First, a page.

City may consider closing Bell Street near the bridge

By 
Hunter Herbaugh
Sunday, April 18, 2021
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Closing a portion of Bell Street could allow for options to enhance the entrance onto the Bell Street Bridge. Ranger-Review file photo

City officials will be exploring the possibility of permanently closing the last section of Bell Street leading up to the Bell Street Bridge. Discussion on the topic started at Wednesday’s meeting of the city’s Street Committee when Councilman Gerald Reichert noted that now is probably the best time to do so, as the section of Bell Street in question is already closed off due to the construction of the water treatment facility.

Reichert explained that this is an issue he and Councilwoman Betsey Hedrick have been discussing as a way of enhancing the area around the entrance to the bridge. However, he also noted that doing so would not be simple, as the area also serves as the access point to the water treatment facility and the city has a large amount of infrastructure in the area.

“We don’t envision the street going away because we have to get trucks and everything into the water treatment plant. We also, in those streets, have a lot of infrastructure in the ground, a tremendous amount in the ground. So that all has to stay there with basically nothing on top of it,” he said. “The idea is just to have an entranceway onto the Bell Street Bridge.”

Reichert also noted that the river is becoming a focal point of downtown and thinks a green space would be beneficial in that regard. He also noted he has ideas on what to do with the GTA tower and the concrete slab that was once the former recycling center.

The idea immediately drew some excitement from Teresea Olson and Jason Stuart, members of the Downtown Master Plan Committee who were present at the meeting for unrelated matters but shared their thoughts on the subject of potentially developing a new green space along the river. Hedrick is also on the Downtown Master Plan Committee.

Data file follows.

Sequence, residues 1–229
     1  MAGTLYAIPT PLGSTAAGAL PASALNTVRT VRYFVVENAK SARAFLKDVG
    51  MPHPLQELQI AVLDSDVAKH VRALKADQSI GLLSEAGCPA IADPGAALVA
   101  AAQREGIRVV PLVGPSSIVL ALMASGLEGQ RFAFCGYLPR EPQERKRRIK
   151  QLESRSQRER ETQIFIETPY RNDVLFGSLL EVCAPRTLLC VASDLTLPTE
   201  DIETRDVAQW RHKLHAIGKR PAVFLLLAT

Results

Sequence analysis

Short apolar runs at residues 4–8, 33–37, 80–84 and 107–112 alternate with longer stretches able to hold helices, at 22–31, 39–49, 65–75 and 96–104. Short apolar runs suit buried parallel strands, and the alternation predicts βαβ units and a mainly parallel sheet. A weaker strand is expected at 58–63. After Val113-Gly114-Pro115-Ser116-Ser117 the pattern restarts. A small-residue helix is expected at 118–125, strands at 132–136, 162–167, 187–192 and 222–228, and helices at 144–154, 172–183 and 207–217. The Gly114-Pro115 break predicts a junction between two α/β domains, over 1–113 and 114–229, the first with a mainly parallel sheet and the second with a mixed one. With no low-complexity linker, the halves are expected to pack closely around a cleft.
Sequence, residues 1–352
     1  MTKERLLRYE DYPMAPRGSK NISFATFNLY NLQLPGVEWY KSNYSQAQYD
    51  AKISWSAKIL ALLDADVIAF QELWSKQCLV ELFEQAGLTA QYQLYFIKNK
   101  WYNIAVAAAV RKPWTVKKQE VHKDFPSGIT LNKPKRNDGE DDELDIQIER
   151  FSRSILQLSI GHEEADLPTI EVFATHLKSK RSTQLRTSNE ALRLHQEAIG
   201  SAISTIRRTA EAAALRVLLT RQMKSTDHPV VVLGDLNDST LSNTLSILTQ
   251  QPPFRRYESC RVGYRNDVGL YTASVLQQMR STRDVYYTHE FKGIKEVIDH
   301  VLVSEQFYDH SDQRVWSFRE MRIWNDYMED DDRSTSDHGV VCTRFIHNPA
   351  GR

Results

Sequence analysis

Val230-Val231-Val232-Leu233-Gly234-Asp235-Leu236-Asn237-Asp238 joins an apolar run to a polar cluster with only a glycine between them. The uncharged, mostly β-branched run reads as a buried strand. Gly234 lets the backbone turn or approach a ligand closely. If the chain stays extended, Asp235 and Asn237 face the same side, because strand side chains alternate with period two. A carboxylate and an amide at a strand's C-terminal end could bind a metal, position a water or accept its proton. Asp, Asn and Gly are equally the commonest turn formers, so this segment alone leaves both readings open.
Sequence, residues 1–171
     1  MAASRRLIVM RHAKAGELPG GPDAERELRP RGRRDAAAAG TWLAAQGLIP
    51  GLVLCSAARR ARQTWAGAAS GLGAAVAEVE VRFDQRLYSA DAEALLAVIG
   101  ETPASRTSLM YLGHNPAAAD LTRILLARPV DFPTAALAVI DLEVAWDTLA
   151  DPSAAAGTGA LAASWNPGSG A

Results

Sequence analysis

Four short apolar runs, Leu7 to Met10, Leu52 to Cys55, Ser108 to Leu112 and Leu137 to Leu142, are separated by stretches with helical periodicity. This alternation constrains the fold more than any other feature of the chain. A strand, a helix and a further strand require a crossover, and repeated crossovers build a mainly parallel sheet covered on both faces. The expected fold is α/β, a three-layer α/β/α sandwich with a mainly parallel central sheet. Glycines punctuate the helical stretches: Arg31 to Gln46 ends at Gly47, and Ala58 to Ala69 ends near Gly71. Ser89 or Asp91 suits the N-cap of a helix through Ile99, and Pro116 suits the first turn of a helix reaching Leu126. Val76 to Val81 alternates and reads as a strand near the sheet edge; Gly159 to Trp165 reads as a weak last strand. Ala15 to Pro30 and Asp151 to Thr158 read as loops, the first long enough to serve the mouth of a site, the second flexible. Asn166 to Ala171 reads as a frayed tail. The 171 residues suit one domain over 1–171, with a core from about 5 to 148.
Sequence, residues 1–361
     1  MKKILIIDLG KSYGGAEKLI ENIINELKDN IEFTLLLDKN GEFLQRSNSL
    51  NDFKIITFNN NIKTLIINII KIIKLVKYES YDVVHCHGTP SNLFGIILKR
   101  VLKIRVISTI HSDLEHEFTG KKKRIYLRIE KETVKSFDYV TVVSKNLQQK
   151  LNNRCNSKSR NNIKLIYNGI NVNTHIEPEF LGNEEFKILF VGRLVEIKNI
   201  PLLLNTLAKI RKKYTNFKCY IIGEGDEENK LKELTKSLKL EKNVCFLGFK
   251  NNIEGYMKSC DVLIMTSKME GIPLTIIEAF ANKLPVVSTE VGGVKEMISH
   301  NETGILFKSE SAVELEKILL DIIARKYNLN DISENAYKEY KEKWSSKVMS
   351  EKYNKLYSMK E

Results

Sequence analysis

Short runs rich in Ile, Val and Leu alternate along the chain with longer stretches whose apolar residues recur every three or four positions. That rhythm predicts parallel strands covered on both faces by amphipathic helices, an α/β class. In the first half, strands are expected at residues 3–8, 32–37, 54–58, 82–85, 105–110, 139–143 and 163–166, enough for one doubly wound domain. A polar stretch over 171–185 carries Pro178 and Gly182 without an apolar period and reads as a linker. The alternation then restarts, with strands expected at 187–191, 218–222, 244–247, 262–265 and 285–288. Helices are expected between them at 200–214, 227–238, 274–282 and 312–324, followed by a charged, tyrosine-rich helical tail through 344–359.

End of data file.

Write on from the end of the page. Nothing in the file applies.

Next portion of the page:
Stuart noted the committee has discussed the subject before.

“We have discussed this, Teresea and I both think this would be a great first step,” Stuart said. “What the city should be thinking about is a long-term plan to try to redevelop that river front. As an economic development director, my hope is that 20 years from now, we look at that river front and it looks totally different, that it’s a real focal point for the community, that there’s businesses down there. Coming from Louisiana, I’ve said this before, it’s mind boggling to me that we’ve got this beautiful river front and it’s an industrial wasteland.”

Stuart also noted that Community GATE has expressed some interest in donating the land that the former recycling center and the GTA tower sit on to the city to turn into a park, providing opportunity to have a park on both sides of the bridge.

Reichert added that one of his ideas was to turn the tower into a climbing wall, something that Stuart noted is becoming a popular thing to do with similar empty buildings in other communities. He said he has even looked into non-profits and other organizations that work on establishing large climbing walls.

“That size of climbing wall, I guarantee you, people are going to stop in Glendive to do that,” he said.

However, Reichert also acknowledged that there are a lot of things to take into consideration when proposing something like this, such as liability and responsibility.

City Public Works Director Frank Ceane also noted that there are some things that have to be kept in mind regarding the area and how the city uses it. One of those things being that the intersection of Clough Street and Bell Street is a primary point where semitrucks can turn to enter the water treatment facility as the other intersections along Clough Street are far too narrow.

Councilman Rhett Coon suggested that to move the conversation forward, Ceane could draw up plans that he believes will allow the area to be reworked while also leaving enough space for large vehicles to maneuver.

As this is the start of a discussion, the committee did not make any recommendations or decisions on the topic. However, the matter will be open at the next meeting of the city council for the remaining council members to offer their own opinions.

The next meeting of the city council is scheduled for Tuesday, April 20 at 7 p.m. in the city council chamber at city hall.

Reach Hunter Herbaugh at rrreporter@rangerreview.com.

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